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Department of Agricultural and Biosystems Engineering

SDSU Quarter Scale Team Named Overall Champion at 2018 International Competition!

2018 International Quarter Scale Overall Champions - Team Picture
2018 International Quarter Scale Student Design Competition Overall Champions Team

Photo: SDSU Quarter-Scale Tractor Team named Overall Champions at the 2018 International Quarter-Scale Tractor Student Design Competition in Peoria, IL. Team members and advisors include, from left to right: Brian Prchal, Jeff VanderSchaaf (advisor), Mike Hansen, Ty Grone, JJ Dooyema, Douglas Prairie (advisor), T.J. Harder, Mitchell Sandey, Tate Ketelhut, Seth Haigh, Nathan Wright, Alex Koepke, Luke Schemm, Tia Muller, Joe DeBoer, Ryan VanTassel, Brady Buck.

Not pictured: Advisors Aaron Franzen, Joseph Darrington; Members Lucas Derdall, Caleb Dinse, Miranda LeBrun

Cutting-edge science to feed and fuel the future

The Department of Agricultural and Biosystems Engineering focuses on preparing students to improve the world’s food chain and available natural resources.

Our department gives students and scientists the resources necessary to generate innovative ideas and build rewarding careers through teaching, research, and Extension efforts. The Department offers degrees in Ag & Biosystems Engineering (ABE), which prepares students to work with the development and design of systems that impact food sources, and in Ag Systems Technology (AST), which teaches students the practical application of new innovations in the agricultural market. We have also partnered with the Department of Agronomy, Horticulture, and Plant Science and the Department of Mathematics and Statistics to jointly offer the first in the nation Precision Agriculture (PRAG) major.

Cutting-edge research in our department spans topics that range from food safety and biodiesel fuel to biofilters and manure odor reduction. Accurate and up-to-date information for the public and industry is provided through our Extension outreach and includes information about irrigation, farm safety, and outdoor air quality, as well as rural handicap-accessible issues and other key topics in the realm of agriculture and biosystems.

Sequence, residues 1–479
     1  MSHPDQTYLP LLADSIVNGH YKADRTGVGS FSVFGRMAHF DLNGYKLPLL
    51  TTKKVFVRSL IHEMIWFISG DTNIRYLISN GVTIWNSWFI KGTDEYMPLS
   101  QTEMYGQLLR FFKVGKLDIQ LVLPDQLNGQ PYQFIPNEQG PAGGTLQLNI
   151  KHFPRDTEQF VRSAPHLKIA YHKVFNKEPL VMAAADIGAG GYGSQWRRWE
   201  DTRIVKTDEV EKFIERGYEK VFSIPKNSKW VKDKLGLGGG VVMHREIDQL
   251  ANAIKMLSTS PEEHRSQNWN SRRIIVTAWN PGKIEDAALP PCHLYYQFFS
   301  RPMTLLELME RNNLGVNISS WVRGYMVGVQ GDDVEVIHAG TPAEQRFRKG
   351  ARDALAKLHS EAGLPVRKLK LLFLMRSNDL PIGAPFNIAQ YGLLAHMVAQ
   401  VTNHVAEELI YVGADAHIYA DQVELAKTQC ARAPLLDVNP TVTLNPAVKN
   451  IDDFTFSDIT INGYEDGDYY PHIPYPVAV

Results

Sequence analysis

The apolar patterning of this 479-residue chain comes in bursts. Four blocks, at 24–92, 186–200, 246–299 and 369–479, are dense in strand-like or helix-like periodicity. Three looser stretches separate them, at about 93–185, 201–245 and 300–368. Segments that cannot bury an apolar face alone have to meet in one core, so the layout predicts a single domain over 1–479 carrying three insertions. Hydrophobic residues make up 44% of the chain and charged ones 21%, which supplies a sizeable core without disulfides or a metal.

Hydraulic Pump Parasitic Losses - Joshua Daum, Tyler Propst and AGCO

AGCO is a global agricultural equipment company with a wide range of products. Notable brand lines include Challenger, Ag-Chem, Massey Ferguson and Fendt. They are also well known for the TerraGator granular spreaders and RoGator self-propelled sprayers. The project sponsored by AGCO for SDSU involves determining energy losses that occur when converting mechanical (engine) energy into fluid (hydraulic) energy. Conversion efficiency is a common concern in agricultural equipment design as a large range of implements can be powered from the vehicle’s hydraulic system. The focus of our research will be studying the effect hydraulic pumps play in contributing to parasitic energy losses. Included in this research will be the design of a test stand capable of testing common pumps utilized by AGCO. These pumps will be tested under varying conditions, such as temperature and pump speed (RPM), to showcase pump performance. The input mechanical torque will be correlated to output fluid torque using a shaft torque meter and calculations utilizing output flow and pressure. AGCO will use the findings of our research to accurately select pumps for the various equipment they design. The test stand developed within this project will provide insight on properly testing hydraulic pumps for parasitic energy losses and will likely lead to a more advanced test stand capable of testing a wider variation of pumps.